"Our position is not new," said Andrea Bastiani Archibald, the Girl Scouts USA's chief girl expert. "It conforms with our continuous commitment to inclusivity."
The Girl Scouts' guidance on serving transgender girls, on its "Frequently Asked Questions" page
, was actually made public four years ago.
"Placement of transgender youth is handled on a case-by-case basis, with the welfare and best interests of the child and the members of the troop/group in question a top priority," states the FAQ. "That said, if the child is recognized by the family and school/community as a girl and lives culturally as a girl, then Girl Scouts is an organization that can serve her in a setting that is both emotionally and physically safe."
It's possible that the Utah Pride Center's
April launch of a Girl Scout troop that welcomes children from LGBT families and transgender girls brought the guidance to national attention of activists on both sides of the issue.
In 2012, a Denver troop attracted accolades and criticism
for allowing a transgender girl to join its troop. One side effect: Supporters encouraged people to buy more cookies from their local troops while opponents advised people to stay away from the treats.
The guidance has raised the ire of conservative religious groups
, which claimed that the Girl Scouts would be allowing boys "who are confused" to join.
Claiming that Girl Scouts has lost its "moral compass," the American Family Association
created an online petition on May 13 to ask the organization to restrict its membership to "biological girls." It's attracted more than 38,000 e-signatures as of Wednesday.
"This means girls in the organization will be forced to recognize and accept transgenderism as a normal lifestyle," the petition read. "Boys in skirts, boys in make-up and boys in tents will become a part of the program. This change will put young innocent girls at risk."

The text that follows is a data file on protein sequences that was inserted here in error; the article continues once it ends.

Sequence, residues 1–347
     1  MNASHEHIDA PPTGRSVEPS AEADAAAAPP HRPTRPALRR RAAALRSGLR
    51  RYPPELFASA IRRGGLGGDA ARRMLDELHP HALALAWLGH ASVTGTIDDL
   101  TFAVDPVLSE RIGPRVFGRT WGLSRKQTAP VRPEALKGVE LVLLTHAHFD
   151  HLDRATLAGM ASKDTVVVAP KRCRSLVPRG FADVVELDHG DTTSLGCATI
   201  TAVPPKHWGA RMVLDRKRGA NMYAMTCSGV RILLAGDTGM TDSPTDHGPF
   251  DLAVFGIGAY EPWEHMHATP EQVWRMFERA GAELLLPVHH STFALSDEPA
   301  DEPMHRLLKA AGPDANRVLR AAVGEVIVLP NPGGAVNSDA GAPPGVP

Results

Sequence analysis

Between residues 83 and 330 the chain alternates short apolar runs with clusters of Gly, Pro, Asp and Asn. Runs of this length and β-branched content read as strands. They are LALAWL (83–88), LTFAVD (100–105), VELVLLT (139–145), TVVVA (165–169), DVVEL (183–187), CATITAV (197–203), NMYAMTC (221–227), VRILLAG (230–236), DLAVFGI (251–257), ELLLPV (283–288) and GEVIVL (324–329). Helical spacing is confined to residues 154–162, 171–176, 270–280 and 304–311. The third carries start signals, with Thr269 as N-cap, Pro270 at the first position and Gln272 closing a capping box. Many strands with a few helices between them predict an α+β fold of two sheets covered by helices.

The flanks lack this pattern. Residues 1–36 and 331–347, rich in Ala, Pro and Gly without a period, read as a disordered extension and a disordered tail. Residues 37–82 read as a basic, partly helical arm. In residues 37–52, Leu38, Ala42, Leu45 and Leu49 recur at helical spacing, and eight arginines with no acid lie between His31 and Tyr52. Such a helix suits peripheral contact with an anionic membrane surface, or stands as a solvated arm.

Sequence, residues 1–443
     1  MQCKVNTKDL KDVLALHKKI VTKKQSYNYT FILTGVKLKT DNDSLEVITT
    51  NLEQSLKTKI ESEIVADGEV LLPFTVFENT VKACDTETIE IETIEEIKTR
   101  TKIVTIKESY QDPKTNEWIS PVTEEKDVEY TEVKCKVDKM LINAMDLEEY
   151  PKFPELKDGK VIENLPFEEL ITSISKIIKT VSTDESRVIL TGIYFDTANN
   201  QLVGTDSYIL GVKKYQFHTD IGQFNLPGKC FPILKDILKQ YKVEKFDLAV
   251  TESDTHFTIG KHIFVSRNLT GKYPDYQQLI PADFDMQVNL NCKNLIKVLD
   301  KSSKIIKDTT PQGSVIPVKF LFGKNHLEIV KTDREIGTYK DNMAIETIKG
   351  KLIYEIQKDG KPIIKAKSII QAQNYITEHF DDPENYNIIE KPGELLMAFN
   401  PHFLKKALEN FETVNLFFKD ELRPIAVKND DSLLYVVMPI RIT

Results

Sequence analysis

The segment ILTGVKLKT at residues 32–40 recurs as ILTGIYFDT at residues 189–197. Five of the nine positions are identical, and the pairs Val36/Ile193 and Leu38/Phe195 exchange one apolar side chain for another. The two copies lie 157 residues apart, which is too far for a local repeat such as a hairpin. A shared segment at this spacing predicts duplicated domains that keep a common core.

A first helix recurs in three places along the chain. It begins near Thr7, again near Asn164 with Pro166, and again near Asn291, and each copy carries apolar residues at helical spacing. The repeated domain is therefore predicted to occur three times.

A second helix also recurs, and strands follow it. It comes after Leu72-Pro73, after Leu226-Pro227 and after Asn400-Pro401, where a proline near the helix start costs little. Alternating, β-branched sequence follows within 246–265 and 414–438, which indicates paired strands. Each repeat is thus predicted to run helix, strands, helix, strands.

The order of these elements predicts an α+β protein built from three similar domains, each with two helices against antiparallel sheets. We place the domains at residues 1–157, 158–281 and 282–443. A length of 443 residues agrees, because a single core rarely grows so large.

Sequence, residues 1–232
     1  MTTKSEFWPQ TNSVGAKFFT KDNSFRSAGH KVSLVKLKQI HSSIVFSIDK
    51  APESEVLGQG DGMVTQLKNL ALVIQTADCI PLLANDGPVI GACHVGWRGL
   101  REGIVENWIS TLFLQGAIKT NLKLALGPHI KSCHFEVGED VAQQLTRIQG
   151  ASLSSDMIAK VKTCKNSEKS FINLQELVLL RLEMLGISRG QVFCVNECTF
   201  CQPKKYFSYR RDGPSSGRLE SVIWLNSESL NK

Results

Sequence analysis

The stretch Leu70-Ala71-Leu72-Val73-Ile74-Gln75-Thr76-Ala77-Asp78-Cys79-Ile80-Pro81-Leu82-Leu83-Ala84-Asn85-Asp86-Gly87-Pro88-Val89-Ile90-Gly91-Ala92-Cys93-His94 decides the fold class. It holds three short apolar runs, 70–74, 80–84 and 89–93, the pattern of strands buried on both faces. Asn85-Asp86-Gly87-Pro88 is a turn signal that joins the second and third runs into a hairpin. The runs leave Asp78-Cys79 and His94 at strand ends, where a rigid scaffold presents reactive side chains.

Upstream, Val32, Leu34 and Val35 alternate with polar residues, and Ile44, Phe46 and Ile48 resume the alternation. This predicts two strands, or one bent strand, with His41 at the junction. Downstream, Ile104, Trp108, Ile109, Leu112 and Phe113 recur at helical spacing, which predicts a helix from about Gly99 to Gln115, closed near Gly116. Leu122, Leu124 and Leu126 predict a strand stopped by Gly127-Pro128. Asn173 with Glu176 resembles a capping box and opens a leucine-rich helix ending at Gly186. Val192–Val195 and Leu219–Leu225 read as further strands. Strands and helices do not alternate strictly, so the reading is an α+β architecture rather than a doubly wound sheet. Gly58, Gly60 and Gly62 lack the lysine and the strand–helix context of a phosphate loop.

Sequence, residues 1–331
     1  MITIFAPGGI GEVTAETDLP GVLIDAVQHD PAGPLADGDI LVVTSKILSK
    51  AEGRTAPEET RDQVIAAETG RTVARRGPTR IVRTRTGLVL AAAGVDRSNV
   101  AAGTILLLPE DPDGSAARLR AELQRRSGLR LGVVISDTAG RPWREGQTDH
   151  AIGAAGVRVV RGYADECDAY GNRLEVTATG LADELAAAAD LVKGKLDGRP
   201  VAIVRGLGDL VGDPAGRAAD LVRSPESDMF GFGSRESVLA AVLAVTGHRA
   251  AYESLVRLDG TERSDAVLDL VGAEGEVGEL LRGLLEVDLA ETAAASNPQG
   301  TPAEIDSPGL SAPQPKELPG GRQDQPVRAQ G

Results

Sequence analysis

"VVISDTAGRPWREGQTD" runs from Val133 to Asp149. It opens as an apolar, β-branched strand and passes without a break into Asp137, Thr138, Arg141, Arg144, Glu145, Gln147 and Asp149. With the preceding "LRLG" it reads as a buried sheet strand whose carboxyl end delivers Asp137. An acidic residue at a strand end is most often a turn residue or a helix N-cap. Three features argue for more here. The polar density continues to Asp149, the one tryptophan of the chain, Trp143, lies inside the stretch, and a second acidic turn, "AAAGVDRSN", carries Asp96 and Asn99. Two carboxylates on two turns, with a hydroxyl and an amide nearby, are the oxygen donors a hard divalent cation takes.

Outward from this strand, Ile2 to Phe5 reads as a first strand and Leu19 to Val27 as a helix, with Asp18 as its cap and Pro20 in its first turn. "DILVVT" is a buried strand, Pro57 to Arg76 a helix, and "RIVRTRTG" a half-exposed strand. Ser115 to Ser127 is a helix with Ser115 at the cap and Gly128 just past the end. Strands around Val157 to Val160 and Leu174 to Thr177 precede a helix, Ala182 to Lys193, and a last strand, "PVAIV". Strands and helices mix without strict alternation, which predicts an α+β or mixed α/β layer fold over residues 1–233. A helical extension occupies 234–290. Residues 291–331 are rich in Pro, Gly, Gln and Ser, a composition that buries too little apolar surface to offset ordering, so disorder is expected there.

A day after the petition was created, Archibald wrote a blog post citing Girl Scouts founder Juliette Gordon Low
as the source of diversity that is essential to the organization.
"Our mission to build 'girls of courage, confidence, and character, who make the world a better place' extends to all members, and through our program, girls develop the necessary leadership skills to advance diversity and promote tolerance," Archibald wrote.
The Girl Scouts' stance means that one of the most popular activities for girls is clearly accessible to transgender girls, said Ellen Kahn, director of the Human Rights Campaign Foundation's Children, Youth & Families program, which focuses on LGBT rights.
"Scouting is such a big part of many children's lives," Kahn said. To her, the Girl Scouts' guidance tells young people that "if you're a girl, you belong here, and who are they to question someone's gender identity? They recognize that's not for them to do."
That doesn't mean the Girl Scouts USA can force local councils to welcome anybody. There are 112 Girl Scout councils across the country, all of which are separate nonprofit organizations. That's 2.8 million Girl Scouts -- 2 million children and 800,000 adult members who are mostly volunteers.
The national organization provides guidance to local Girl Scout councils on many issues. It works with the councils to ensure that the Girl Scouts' mission to build girls of courage, confidence and character, extends to all girls, but it doesn't dictate policy to them.
"Inclusion of transgender girls is handled at a council level on a case by case basis, with the welfare and best interests of all members as a top priority," Archibald wrote in her blog post.
As for their critics? "Luckily, we don't serve our critics," she told CNN. "We are proud to serve all girls."